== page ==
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American Catholic Philosophical Quarterly

Volume 79, Issue 4, Fall 2005

John Scottus Eriugena

L. Michael Harrington
Pages 611-633

The Argument for Universal Immortality in Eriugena’s “Zoology”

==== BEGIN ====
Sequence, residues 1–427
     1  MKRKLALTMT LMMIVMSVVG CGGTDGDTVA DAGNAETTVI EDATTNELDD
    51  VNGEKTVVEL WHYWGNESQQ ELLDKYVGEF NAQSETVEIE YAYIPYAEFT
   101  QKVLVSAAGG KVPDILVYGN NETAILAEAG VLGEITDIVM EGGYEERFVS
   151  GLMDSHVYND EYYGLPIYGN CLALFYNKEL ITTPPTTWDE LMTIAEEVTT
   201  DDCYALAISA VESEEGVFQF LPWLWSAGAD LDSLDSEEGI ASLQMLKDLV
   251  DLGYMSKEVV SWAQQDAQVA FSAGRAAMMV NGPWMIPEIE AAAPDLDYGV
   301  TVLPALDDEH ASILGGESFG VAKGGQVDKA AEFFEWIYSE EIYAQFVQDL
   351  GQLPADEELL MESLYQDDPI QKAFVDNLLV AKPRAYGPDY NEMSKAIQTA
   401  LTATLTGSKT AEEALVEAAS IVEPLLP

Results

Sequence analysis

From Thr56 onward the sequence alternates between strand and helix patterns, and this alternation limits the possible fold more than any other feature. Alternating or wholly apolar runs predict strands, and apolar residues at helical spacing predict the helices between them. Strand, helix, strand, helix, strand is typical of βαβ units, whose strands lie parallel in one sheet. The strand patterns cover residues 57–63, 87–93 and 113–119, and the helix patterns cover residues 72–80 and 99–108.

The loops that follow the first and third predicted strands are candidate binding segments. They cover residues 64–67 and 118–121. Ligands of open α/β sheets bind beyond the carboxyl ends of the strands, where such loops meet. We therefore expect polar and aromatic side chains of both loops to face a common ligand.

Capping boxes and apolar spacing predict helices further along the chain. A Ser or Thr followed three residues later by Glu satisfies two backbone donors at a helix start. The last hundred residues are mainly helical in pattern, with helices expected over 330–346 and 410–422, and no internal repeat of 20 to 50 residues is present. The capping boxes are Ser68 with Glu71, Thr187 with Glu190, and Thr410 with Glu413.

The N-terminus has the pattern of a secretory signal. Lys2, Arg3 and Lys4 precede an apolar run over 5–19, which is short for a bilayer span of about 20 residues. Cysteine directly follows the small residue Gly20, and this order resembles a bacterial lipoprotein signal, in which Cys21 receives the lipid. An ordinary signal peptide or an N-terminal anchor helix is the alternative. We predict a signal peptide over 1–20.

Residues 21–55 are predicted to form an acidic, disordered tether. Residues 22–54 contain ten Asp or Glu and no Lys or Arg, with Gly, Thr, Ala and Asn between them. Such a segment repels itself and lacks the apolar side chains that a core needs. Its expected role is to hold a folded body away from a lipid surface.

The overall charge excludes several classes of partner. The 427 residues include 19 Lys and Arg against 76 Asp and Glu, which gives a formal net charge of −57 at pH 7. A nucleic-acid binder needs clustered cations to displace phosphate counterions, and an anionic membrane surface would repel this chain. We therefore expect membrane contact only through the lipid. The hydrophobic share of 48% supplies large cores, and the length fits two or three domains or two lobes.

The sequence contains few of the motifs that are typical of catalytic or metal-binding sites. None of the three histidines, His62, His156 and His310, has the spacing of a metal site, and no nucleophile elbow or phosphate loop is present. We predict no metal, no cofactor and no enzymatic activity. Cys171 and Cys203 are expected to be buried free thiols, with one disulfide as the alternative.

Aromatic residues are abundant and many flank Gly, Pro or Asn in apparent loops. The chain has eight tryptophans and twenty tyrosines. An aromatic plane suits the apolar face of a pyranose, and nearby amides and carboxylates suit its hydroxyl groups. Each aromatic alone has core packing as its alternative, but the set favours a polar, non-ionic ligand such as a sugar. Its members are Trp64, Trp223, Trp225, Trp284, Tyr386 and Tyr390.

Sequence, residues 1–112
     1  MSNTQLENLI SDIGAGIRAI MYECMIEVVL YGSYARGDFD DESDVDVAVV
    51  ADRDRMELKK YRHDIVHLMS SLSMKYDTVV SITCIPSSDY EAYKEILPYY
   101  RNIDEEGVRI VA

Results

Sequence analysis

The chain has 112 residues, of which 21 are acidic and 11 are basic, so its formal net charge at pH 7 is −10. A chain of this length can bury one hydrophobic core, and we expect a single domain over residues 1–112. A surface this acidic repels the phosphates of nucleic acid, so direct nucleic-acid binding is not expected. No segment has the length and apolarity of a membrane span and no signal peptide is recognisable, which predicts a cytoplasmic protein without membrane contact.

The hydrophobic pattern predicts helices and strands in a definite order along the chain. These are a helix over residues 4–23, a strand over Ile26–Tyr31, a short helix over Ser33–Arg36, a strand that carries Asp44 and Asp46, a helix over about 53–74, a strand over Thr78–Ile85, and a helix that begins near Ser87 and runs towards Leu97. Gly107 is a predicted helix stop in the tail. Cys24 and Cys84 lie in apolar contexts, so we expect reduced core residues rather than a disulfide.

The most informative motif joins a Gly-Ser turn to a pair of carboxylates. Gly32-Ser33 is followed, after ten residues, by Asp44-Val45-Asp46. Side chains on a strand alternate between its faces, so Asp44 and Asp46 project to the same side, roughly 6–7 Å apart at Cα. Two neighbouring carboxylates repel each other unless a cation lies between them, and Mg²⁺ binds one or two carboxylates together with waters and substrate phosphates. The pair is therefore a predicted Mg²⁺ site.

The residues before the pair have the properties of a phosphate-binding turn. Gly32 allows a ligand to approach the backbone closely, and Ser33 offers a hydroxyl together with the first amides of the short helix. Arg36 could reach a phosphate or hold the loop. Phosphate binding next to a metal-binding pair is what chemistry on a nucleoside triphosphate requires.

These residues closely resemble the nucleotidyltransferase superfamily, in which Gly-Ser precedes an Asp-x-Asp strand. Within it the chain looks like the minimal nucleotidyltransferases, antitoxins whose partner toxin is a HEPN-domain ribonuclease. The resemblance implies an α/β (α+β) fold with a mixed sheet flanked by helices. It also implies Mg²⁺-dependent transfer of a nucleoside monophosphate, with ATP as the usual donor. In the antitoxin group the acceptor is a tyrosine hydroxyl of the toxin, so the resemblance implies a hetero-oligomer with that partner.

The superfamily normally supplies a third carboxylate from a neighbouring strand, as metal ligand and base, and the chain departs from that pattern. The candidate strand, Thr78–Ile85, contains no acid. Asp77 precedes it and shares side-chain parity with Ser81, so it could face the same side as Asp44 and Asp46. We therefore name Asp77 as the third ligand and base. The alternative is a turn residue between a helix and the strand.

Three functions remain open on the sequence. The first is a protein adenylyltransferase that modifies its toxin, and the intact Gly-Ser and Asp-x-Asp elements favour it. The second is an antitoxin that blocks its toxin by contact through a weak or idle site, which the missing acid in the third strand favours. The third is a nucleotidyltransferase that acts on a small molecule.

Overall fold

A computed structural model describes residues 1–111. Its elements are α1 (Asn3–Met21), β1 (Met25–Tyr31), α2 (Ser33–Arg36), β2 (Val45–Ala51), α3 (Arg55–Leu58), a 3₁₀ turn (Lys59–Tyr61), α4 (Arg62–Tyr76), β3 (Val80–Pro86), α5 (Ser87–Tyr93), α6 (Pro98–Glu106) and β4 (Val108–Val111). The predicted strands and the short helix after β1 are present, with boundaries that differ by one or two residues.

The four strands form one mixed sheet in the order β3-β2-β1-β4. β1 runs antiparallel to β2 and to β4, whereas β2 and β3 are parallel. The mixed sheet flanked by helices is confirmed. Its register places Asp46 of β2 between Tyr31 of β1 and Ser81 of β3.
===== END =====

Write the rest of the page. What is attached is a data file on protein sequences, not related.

Apparently alone among medieval Christians, Eriugena argues that all life is immortal. He relies on Plato’s Timaeus as his primary source for this claim, but he modifies the argument of the Timaeus considerably. He turns Plato’s cosmic soul into the genus of life, thereby taking a treatise that originally dealt with cosmology and using it to explore the ontological significance of definition. All species that fall under the genus of life must be immortal, because a mortal species would contradict the genus. No later medieval author would take up Eriugena’s arguments explicitly, although Aquinas comes close. The two thirteenth-century thinkers to address universal immortality seriously—Aquinas and Bonaventure—argue against it, but they are more faithful than Eriugena himself to a literal reading of the Timaeus.